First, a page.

Ask Your Question
1

get_minmax_data on implicit_plot

asked 2011-02-04 06:21:09 -0500

updated 2015-01-22 15:05:12 -0500

FrédéricC gravatar image

This is a sequel of my question about plotting level set.

In the following, G is a circle :

sage: f(x,y)=x**2+y**2  
sage: G=implicit_plot(f==1,(x,-2,2),(y,-3,3))
sage: G.get_minmax_data()
{'xmin': -2.0, 'ymin': -3.0, 'ymax': 3.0, 'xmax': 2.0}

The "correct" get_minmax_data sould be

{'xmin': -1.0, 'ymin': -1.0, 'ymax': 1.0, 'xmax': 1.0}

As far as I understood the code (and the thread "Retrieving xy data from implicit plots" on Sage-support), the following is the relevant part :

xy_data_arrays = numpy.asarray([[[func(x, y) for x in xsrange(*ranges[0],include_endpoint=True)]
                                 for y in xsrange(*ranges[1], include_endpoint=True)]
                                for func in g],dtype=float)

in ../plot/contour_plot.py

My questions are :

  1. can I retrieve that xy_data_array ?

  2. If I analyse xy_data_array, I suppose that extracting the point with lowest x-component such that the value is positive will provide me the "correct" xmin of the plot. I'm wrong ?

edit retag flag offensive close merge delete

2 answers

Sort by » oldest newest most voted
2

answered 2011-02-06 02:58:55 -0500

DSM gravatar image

updated 2011-02-06 03:17:05 -0500

Following up on the comment discussion about which points are actually used in a plot, here's a revised version of the original answer I gave before kcrisman pointed out g.xy_data_array and I deleted mine as stupid by comparison. This is pretty ugly:


import matplotlib

def get_paths_from_plot(p):
    # untested!
    m = p.matplotlib()
    sp = m.get_children()[1]
    for c in sp.get_children():
        # not sure if I need to test for both or not? don't understand
        # matplotlib internals well enough to know if every Line2D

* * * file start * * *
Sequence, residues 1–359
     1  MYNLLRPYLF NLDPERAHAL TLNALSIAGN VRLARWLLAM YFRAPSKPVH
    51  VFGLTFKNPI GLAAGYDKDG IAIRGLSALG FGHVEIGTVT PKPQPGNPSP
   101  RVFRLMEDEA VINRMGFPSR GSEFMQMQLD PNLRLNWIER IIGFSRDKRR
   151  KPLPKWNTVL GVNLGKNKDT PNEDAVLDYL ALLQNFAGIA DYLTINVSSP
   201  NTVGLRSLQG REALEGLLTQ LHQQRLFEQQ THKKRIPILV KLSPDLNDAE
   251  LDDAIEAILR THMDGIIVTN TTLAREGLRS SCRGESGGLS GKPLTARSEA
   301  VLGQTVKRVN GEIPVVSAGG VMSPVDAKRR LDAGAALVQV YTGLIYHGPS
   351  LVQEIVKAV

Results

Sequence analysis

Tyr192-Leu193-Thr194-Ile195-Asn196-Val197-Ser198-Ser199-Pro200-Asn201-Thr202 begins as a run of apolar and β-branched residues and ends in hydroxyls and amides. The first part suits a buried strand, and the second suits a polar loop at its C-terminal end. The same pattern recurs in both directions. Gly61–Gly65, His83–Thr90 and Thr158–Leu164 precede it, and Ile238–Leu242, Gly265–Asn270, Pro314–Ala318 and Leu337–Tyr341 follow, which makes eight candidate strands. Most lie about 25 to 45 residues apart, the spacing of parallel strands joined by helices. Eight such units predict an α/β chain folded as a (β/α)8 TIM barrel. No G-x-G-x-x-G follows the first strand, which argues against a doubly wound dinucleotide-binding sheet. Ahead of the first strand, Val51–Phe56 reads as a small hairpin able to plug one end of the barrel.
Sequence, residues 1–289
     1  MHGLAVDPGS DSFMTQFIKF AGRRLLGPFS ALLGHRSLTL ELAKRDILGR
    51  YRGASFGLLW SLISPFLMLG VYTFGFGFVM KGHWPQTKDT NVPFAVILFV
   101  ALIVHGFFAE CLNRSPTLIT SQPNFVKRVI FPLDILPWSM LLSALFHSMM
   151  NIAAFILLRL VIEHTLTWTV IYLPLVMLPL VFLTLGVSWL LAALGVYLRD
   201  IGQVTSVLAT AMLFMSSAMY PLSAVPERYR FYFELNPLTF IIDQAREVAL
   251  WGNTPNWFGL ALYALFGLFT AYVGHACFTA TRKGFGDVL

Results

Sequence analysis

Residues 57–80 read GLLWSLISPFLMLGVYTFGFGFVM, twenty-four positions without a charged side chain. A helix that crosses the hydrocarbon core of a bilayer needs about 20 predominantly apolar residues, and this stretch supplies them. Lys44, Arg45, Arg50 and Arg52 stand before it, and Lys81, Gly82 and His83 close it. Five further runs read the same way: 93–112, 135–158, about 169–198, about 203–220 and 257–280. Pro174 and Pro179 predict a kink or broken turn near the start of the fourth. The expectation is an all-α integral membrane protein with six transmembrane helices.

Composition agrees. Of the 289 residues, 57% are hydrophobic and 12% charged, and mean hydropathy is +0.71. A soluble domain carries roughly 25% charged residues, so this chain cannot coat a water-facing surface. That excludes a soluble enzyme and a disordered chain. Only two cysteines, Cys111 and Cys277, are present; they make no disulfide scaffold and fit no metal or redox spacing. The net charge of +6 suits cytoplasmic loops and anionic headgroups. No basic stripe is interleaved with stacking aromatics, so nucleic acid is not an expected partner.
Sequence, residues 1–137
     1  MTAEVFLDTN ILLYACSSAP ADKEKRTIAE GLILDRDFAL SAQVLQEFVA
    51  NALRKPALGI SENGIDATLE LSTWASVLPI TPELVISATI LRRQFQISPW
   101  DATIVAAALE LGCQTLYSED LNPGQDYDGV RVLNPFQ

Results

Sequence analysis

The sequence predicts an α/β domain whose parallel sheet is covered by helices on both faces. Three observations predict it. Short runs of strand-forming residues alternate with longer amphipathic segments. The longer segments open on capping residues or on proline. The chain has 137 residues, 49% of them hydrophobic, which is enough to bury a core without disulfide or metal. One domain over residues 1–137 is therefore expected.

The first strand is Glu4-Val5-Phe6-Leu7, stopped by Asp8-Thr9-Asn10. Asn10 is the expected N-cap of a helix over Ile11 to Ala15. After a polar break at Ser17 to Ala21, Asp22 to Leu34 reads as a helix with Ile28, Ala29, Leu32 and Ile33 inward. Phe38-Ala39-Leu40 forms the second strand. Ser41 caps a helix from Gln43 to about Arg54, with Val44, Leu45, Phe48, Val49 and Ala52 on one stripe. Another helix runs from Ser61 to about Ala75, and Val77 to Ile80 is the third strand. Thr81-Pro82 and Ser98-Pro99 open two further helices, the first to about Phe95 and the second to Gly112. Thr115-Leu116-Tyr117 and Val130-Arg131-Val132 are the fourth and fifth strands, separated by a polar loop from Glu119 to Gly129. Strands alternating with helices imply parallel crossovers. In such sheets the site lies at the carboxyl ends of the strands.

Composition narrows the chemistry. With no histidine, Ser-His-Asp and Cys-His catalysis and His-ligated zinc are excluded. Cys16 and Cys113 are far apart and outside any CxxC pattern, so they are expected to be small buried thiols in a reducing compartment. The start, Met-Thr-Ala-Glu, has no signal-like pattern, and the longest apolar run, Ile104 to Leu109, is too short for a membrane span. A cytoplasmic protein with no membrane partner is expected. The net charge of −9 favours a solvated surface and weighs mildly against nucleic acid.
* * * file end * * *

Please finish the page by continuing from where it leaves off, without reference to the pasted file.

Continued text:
# will be in some LineCollection and so this is pure duplication (probably)
        if isinstance(c, matplotlib.lines.Line2D):
            yield c.get_path()
        elif isinstance(c, matplotlib.collections.LineCollection):
            for path in c.get_paths():
                yield path

def get_bounds_from_implicit_plot(P):
    # untested!
    xx = []
    yy = []
    for path in get_paths_from_plot(P):
        xx += list(path.vertices[:,0])
        yy += list(path.vertices[:,1])
    print 'xx:', sorted(xx)[:10]
    print 'yy:', sorted(yy)[:10]
    d = {'xmin': min(xx), 'xmax': max(xx),
         'ymin': min(yy), 'ymax': max(yy)}
    return d
sage: f(x,y)=x**2+y**2  
sage: G=implicit_plot(f==1,(x,-2,2),(y,-3,3))
sage: get_bounds_from_implicit_plot(G)
xx: [-0.99972791583529708, -0.99972791583529708, -0.99972791583529697, -0.99972791583529697, -0.99809541084708742, -0.99809541084708742, 
-0.99809541084708719, -0.99809541084708719, -0.9948304008706681, -0.9948304008706681]
yy: [-0.99973154362416372, -0.99973154362416372, -0.99973154362416361, -0.99973154362416361, -0.99901565995525998, -0.99901565995525998, 
-0.99901565995525976, -0.99901565995525976, -0.99758389261745239, -0.99758389261745239]
{'xmin': -0.99972791583529708, 'ymin': -0.99973154362416372, 
'ymax': 0.99973154362415995, 'xmax': 0.99972791583530107}
edit flag offensive delete link more

Comments

Thanks a lot ! I'm going to test that on my favourites examples. For informations, I need these xmin,xmax,ymin,ymax in order to automatically determine the bounding box in a pspicture (LaTeX). See [here](http://student.ulb.ac.be/~lclaesse/phystricks-doc.pdf) in the section "Implicit curves"

Laurent Claessens gravatar imageLaurent Claessens ( 2011-02-06 03:29:17 -0500 )edit